[OpenWrt-Devel] OpenWrt 19.03 plans

Eric Luehrsen ericluehrsen at gmail.com
Wed Apr 10 00:00:18 EDT 2019

On 4/9/19 7:53 AM, Vincent Wiemann wrote:
> Hi Bjørn,
> routers are critical infrastructure. We should try to achieve the best we can.
> One of the reasons for the Lede split was that problems were procrastinated
> and accumulated over the release timeline.
> That's the reason why we should release less often, but with a higher quality.
> If problems delay a release that is a sign of taking responsibility.
> Some time ago a friend of mine told me that they have a problem with tickets that
> nobody wants to take care of. I told him when those tickets appear he
> should automatically assign them to all people with highest priority after a due
> date even if it is a minor issue. Productivity has increased rapidly since then.
> If a device is not supported in a specific release, that might give someone the
> stimulus to sit down and get this device working again.
> E.g. many devices have a partition layout on which a bigger kernel does not fit.
> It is possible to change the partition layout in most cases requiring a modification
> of the U-Boot boot environment variable. So hard it sounds unfortunately someone
> needs to be urged to do it. It's the same with porting ar71xx to ath79...
> When we stop generating ar71xx images some device owners wonder why there is no
> new release for it. They become aware that they need to sort of add support for
> this device as if it was a new device support and they might do it.
> Urging is a bad word, but we need to motivate people to do changes which are not
> of the fun kind or we might end up in a mess again.
> Regards,
> Vincent Wiemann
> On 09.04.2019 11:02, Bjørn Mork wrote:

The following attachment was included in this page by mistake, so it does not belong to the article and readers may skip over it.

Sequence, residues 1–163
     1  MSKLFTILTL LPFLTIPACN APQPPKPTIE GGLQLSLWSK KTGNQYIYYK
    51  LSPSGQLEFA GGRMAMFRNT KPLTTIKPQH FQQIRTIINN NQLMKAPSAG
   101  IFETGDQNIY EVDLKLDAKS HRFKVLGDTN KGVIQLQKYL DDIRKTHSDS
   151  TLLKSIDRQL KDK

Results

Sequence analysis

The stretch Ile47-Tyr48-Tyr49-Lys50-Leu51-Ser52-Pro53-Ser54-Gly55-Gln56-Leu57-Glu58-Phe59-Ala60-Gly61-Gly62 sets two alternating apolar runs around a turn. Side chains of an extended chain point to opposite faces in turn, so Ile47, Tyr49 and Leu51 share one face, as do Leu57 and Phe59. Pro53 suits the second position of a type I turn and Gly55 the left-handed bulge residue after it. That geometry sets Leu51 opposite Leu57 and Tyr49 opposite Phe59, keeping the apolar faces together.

>> Jo-Philipp Wich <jo at mein.io> writes:
>>>> Is there any kind of "official" roadmap/checklist available what "needs"
>>>> to be done?
>>> not that I am aware of, but from the top of my head:
>>> - make sure all targets are ported properly to 4.14
>>> - disable all devices which cannot cannot handle the increased kernel
>>>    size anymore
>>> - drop all targets which are not ported to 4.14
>>> - fix important open issues in the tracker
>> Apologies if this is out of line...  I just fealt the urge to post my
>> personal opinion, FWIW.
>> It seems to me that you are setting way too high standards for
>> yourselves.  From my point of view, the OpenWrt master branch is almost
>> always in a releasable state. The OpenWrt development and review process
>> ensures an extremely high quality, even for targets which are considered
>> WiP. There are very few days over the last 6 months where you could not
>> have decided to cut a release branch, and got away with it.  It's
>> something to be proud of! But you need to tell the rest of the world
>> that you are proud of this by making releases.
>> You should accept that the targets which are ported properly to 4.14
>> defines "all targets" for the next release.  It's not the other way
>> round.  Any remaining targets which can be expected to be ported to 4.14
>> or later, if any, can and should be deferred for a later release.  Note
>> that accepting this means that there could be a "next release" in 2019
>> too...
>> You should also accept that there will be unfixed important open issues
>> at all times.  You can't fix them all.  To make a release, these issues
>> will either have to be
>>   - ignored for that release,
>>   - demoted to less important. or
>>   - removed by removing the feature/target/whatever is affected by the
>>     issue from the release
>> Look at the Debian "release critical" bug handling.  It's not really
>> about fixing all the RC bugs, but dealing with them.
>> I realize that actually making a release is real work too, and that this
>> has to take some time after making the initial cut.  But delaying the
>> cut for the master branch to get in an even "more ready" state is not
>> really helping...
>> Just my .021 € (considering inflation)
>> Bjørn

Hi Bjorn,

I agree with you on this one. New OpenWrt adopted a different working model
from LEDE. That is staging trees and more careful testing before actual
master commits. Long ago are the days when someone thought they were
special, commit without review, and just blow up the nightly builds.
OpenWrt should release regularly and it should be an editing (cutting)
event. Target not on envisioned kernel, cut. Package not core and sketchy,
cut. What's left is pretty good. With a variety of targets and volunteer
support team bugs will happen. You can test to high confidence, but in
such situations nothing is 100%. Instead, you just need to be prepared
to deal with them in a timely matter.

Just my $0.018649 exchanged at 20190410 04:00

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